The good, Bad and Ugly Regarding Dog Fostering

By Lisa Frost

I have been a foster dog guardian in Jackson County since 2011.  Since that time, I (with my husband’s assistance) have fostered for approximately 20 dogs (including whelping and bottle feeding 10 pups).

The most challenging part of fostering dogs is letting go once an optimal home is found.  “Good enough” homes just never cut it for us after all the efforts we would put into rehabilitating a shelter dog, often from an abusive or neglectful situation.  Many of the fosters we’ve taken in had been previously returned to the shelter several times for being “too high energy,” or “owners moving,” or “ran away too many times,” or “too prey driven,” or “people aggressive,” “jumpy,” or  they were simply too “kennel stressed” at the shelter to be adoptable.  Several of the dogs we’ve fostered were found as strays.  All the dogs we’ve fostered found loving homes, though many potential homes were rejected for simply being ill-equipped for taking on the particular dog.

Most recently, a foster we took on this summer, an 8 month old, had already been returned 3 times since 8 weeks old for being “too high energy and jumpy.”   One return was only after one day after adoption!

During this foster tenure, a man submitted his application to the Jackson County Animal Shelter to adopt this pup, never having owned a dog. He worked full-time and could not bring the dog with him to work, a common story.  The main problem however was that he had no dog experience, never owning a dog, but professed to be learning dog training skills solely through watching You Tube Videos and that he would be obtaining a dog house for the yard.

The enthusiasm for adopting his first dog, and a shelter dog, was gratifying and encouraged.  We put much thought into this potential adoption for our foster pup, but the fact he did not show up after his 24 hour hold on the dog coupled with his lack of experience for an exuberant teenager pup, returned several times, brought us to the conclusion that this was not the optimal guardian for the pup.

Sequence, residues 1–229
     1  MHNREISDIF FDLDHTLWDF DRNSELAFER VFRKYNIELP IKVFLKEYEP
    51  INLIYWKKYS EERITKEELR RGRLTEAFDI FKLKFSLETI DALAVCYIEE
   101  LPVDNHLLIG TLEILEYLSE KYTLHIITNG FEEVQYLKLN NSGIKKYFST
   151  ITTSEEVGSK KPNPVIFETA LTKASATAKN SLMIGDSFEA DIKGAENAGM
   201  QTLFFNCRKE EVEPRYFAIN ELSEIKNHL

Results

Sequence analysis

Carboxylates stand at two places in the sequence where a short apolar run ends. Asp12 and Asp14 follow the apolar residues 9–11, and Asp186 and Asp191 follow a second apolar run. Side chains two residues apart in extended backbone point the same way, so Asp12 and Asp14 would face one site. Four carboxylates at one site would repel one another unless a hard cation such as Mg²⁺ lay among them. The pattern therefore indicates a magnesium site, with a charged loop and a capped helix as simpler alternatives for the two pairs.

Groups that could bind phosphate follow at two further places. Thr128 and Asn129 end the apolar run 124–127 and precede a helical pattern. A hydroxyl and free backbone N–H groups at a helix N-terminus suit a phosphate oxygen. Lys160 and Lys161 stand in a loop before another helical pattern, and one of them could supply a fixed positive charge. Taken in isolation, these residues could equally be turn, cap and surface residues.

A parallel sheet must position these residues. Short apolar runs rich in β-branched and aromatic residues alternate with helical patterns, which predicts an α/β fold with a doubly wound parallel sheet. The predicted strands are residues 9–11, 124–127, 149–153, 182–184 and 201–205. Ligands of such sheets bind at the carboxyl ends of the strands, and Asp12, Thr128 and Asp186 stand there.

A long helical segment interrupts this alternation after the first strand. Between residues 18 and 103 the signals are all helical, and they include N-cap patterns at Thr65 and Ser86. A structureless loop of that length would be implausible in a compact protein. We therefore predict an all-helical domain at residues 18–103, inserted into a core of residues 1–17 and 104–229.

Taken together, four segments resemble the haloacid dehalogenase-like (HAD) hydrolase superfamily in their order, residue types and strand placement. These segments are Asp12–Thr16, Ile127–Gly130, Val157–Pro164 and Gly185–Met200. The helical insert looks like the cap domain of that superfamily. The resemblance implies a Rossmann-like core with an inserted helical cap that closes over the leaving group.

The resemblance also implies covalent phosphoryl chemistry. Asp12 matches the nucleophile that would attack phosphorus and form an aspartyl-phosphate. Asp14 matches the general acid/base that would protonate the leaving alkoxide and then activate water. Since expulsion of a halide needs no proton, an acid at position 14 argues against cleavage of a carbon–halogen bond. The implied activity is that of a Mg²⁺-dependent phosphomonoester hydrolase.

I have screened potential adoptees in the past and never had problems with the shelter for doing so.  All of my adoptee guardians have kept in touch over the years via email or Facebook with how their dogs are doing and how happy they are, as the adoptions were clearly matched well.

However, this time, I was met with discontent and rank-pulling by the Shelter Director, Barbara Talbert, who insisted on giving these new adoptees “a chance.”  We anticipated return number four.  Many adoptions and returns on a young sentient soul create distrust due to inconsistency, and we were just beginning to get this pup settled.  We were convinced this potential adoptee was ill equipped for the energy and lack of training this pup teenager presented.  Nonetheless, Ms. Talbert continued to push me to the wall, saying she wants me available to continue to foster more dogs!  I told her with this practice of simply allowing a dog to be adopted out to a “good enough” home, I would never foster again with Jackson County Animal Shelter.

The greatest satisfaction in fostering a shelter animal is having the choice in finding an optimal home.  A foster parent puts in the time, sweat and money into rehabilitating a shelter hound.  To have this minimized to “move the numbers” in finding “good enough” homes, which is the Shelter’s philosophy, is demeaning and insulting.

In desperation, I wrote a letter to the potential adoptee, having the address on the application provided by the Shelter.  I reiterated our conversation including my reservations, but encouraged him to apply for another shelter dog. I was told by Jackson Baures, Talbert’s superior, that the man withdrew his application due to my letter.

I was then sent a formal USPS letter by FOTAS president, Peggy Moore terminating my position as a volunteer with FOTAS (Friends of the Animal Shelter, volunteer organization affiliated with the Shelter).

By the way, we adopted the pup, despite the fact Ms. Talbert initially refused our application, saying “I will not allow you to adopt this dog.”  Somehow, the leadership here needs to be reevaluated and maybe a changing of the guard is in order.  Insulting and terminating volunteers, usurping foster parent choice in adoptees and disallowing a foster guardian to adopt their own foster dog just seems counter-productive.

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